Finally, this could have been an idea-driven movie like the latter two “Dark Knight” films. But only Cap and Iron Man seem to genuinely fight about ideology. Others fight according to personal or professional loyalty, personal revenge, or just because they are a “fan” of either Cap or Tony. And neither does the script articulate their positions especially well. Wouldn’t it be perfectly in character for Cap to quote Thomas Jefferson or Benjamin Franklin? “Those who would exchange their liberty for a little temporary safety” and all that?
Oh, well. I’m probably asking too much from a superhero movie.
This was a hell of a lot of fun. Go see it.
[THIS REVIEW CONTAINS ONE SPOILER.] So the fantastic John Bernthal is now the Marvel Cinematic Universe’s “Punisher,” debuting (however briefly) in the first episode of Netflix’ “Daredevil” Season 2. I just know that there is a great “Walking Dead” joke hiding around here somewhere; but I can’t seem to put my finger on it … (Something about … Blind Grimes? Disabled Rick? Daredevil can’t see “stuff?” Or “thangs?”) You people work that out for me.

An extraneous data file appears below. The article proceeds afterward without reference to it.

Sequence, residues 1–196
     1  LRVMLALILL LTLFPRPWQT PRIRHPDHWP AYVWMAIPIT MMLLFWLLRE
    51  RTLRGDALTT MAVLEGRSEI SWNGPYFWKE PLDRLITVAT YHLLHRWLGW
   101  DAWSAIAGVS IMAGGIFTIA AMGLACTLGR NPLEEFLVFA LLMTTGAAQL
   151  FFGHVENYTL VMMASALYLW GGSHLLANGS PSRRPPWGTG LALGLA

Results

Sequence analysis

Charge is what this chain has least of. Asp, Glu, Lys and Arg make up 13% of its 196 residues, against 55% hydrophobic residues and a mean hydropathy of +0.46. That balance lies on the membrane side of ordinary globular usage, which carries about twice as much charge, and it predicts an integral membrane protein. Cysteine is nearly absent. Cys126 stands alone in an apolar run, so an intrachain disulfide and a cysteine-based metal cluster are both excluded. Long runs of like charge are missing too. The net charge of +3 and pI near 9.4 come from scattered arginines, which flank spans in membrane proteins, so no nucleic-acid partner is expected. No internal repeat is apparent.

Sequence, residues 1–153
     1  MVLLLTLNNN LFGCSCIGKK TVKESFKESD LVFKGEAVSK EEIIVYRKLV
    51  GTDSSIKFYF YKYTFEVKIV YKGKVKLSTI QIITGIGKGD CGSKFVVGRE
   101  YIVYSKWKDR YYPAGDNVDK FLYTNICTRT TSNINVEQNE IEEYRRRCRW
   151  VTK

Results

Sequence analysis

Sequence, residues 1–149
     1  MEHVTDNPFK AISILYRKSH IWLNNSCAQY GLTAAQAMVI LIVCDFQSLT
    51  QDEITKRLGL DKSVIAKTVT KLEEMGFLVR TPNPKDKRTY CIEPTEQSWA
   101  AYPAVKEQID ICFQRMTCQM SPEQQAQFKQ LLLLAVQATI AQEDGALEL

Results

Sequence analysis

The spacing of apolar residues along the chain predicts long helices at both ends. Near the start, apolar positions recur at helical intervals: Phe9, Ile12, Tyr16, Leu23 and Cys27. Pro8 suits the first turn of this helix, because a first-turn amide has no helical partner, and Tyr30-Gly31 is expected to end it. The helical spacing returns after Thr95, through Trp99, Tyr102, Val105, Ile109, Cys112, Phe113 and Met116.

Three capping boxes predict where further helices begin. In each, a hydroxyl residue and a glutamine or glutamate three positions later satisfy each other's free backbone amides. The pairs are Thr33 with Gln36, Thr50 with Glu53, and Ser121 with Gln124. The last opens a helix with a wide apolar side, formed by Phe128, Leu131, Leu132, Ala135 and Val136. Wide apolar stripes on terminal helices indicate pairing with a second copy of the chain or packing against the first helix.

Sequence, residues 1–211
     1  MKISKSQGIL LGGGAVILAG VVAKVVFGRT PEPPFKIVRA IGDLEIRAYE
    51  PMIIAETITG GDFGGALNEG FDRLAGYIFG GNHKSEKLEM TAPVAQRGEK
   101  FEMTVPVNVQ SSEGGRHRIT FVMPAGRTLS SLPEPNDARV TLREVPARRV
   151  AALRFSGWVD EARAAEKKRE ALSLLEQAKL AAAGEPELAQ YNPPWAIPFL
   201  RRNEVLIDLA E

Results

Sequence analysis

Bernthal’s arrival is dream casting, every bit as perfect as bagging the inimitable Robert Downey, Jr. as the MCU’s Iron Man. Even though the actor speaks only a single word, it’s goddam beautiful.
That’s one of the better things about Season 2’s first outing, which, for me, fell into the category of “good, but not great.” (I’d still give it an 8 out of 10, and I feel certain the season will get better.) What we see in S2E1 is mostly setup. The episode clearly tried to introduce tension by grooming the Punisher as a frightening antagonist, with limited success. Even casual Marvel fans know that Frank Castle is a good guy, and nothing close to a Big Bad. Yes, he’s an anti-hero who fatally shoots villains, and will be a foil for Matt Murdock’s Boy Scout restraint (as he was in the comics, back in the day).
But I doubt that the Punisher can be made scary or truly tension-inducing. (Are we afraid of Wolverine?) We know that his shoot-em-up tactics won’t leave Daredevil dead. (This isn’t “Game of Thrones” or TWD.) And I’d guess that most viewers, like me, aren’t too emotionally invested in this show’s minor characters. (The only exception would be the quite interesting and three-dimensional Karen Page, still wonderfully portrayed by Deborah Ann Woll.) Hell, I think the show would be better if the painfully annoying Foggy Nelson were made an early casualty. Finally, if the show stays true to the original comics, then the Punisher has that most sympathetic of “origin stories” — a murdered nuclear family.